Local historian donates historical markers

Local historian Jim Blount has been the go-to guy for everything flood related as the city commemorates the centennial of the Great Flood of 1913.

Now, he and his wife, Jackie, have made a donation that helps put history in perspective.

“When I first started thinking about the centennial, I went to this gentleman right here,” said Curt Ellison at a ceremonylast week dedicating a pair of bronze markers the Blounts have donated to the city.

Ellison, a history professor at Miami University, is the director of the Michael J. Colligan History Project, a joint effort between the university and the Hamilton Community Foundation, and convener of the 1913 Flood Commemoration Committee.

For the Colligan Project, “I wanted to have four programs on the flood,” Ellison said. “I already knew that Jim Blount was the best historian of this city and county and he told me many stories about the flood.”

That series of four programs turned into 17 presentations along with historical displays, Ellison said.

“This is the person that provided the intellectual leadership of the centennial commemoration, evaluating the kinds of programs that would help us understand the event,” Ellison said.

“Council has been really supportive of this project and we appreciate the donation of the bronze plaque,” said Vice Mayor Carla Fiehrer, who cited other civic improvement projects that Blount has participated in and told him, “You’re the kind of resident that we appreciate in Hamilton because you keep pushing us to get things done.”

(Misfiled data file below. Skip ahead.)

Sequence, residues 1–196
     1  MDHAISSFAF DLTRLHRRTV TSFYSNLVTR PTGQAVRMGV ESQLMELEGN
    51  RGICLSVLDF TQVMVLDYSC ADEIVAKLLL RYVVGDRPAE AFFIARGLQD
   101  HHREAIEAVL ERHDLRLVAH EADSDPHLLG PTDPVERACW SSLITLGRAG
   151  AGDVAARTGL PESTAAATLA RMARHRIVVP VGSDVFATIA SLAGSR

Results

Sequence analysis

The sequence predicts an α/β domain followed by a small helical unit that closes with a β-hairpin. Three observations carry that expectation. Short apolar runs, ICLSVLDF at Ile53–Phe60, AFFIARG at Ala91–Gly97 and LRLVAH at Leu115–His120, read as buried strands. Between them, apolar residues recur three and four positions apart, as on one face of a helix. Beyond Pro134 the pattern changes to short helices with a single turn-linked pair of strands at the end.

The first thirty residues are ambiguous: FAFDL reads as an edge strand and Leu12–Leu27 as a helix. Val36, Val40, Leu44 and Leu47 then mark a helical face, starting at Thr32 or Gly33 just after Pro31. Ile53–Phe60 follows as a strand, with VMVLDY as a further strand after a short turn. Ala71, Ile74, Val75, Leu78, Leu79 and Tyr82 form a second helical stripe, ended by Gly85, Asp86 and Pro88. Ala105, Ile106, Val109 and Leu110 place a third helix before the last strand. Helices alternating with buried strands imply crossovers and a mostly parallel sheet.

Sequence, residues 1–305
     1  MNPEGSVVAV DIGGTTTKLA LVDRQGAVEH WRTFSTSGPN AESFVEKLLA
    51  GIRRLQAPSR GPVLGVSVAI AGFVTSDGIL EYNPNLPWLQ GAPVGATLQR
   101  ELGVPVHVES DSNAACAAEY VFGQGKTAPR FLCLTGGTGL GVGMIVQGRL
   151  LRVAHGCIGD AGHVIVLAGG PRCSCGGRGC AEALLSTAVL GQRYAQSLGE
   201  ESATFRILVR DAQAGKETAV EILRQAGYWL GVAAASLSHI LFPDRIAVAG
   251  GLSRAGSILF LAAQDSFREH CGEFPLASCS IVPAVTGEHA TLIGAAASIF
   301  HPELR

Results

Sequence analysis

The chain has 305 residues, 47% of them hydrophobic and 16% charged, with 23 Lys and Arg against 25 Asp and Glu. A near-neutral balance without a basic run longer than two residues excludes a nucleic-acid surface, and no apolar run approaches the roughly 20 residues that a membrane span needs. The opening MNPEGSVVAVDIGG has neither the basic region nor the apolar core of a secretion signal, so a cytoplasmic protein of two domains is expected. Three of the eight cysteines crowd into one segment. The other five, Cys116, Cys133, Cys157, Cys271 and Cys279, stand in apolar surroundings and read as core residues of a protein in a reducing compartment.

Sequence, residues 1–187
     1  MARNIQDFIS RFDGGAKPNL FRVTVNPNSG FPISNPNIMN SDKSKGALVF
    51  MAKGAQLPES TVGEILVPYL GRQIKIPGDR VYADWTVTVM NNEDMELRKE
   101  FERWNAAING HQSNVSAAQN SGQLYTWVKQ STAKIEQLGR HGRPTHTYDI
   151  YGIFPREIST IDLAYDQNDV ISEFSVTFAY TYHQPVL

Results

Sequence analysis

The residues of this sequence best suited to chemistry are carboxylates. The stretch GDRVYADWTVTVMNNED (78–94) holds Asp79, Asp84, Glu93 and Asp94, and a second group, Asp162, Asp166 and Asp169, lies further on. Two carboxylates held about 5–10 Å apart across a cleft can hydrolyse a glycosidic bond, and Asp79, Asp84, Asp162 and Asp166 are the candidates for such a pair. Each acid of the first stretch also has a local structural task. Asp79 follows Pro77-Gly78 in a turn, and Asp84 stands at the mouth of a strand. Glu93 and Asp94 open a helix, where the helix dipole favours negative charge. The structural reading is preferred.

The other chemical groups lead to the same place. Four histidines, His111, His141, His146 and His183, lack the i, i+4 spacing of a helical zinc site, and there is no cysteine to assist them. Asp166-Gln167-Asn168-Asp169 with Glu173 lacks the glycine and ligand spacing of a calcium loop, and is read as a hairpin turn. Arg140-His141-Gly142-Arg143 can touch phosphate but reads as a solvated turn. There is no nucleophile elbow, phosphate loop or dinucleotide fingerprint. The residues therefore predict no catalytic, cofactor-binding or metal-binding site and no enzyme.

Blount said that he thought the markers would be a good addition to the commemoration activities because present-day Hamiltonians don’t know how much bigger the Great Miami River channel is today as compared to 1913.

“In 1913, however, the river had an hourglass shape,” Blount said.

North of the city, it was 600 feet wide, narrowing to 340 feet at the Black Street Bridge and was 390 feet wide at the High-Main Bridge.

Because of the work done by the Miami Conservancy District, however, the river channel is now 540 feet at the High-Main Bridge, a difference of about 50 yards or half a football field, Blount said

The Blounts’ donation consists of a pair of markers on the north side of the bridge with arrows pointing to each other, showing the difference in the size of the river channel. It is most dramatic on the West Side of the bridge.

Blount, former editor and columnist for the Hamilton JournalNews and a retired history teacher at Hamilton High School, has written several books and hundreds of articles on the history of Hamilton and Butler County.

Recommended for you

Recommended for you

Recommended for you

Most read

  1. 1 Carlisle man wins North Carolina House seat
  2. 2 'See ya later, suckas!': Family writes unique obituary for 5-year-old
  3. 3 71 people indicted in Butler and Warren counties

More from Journal-news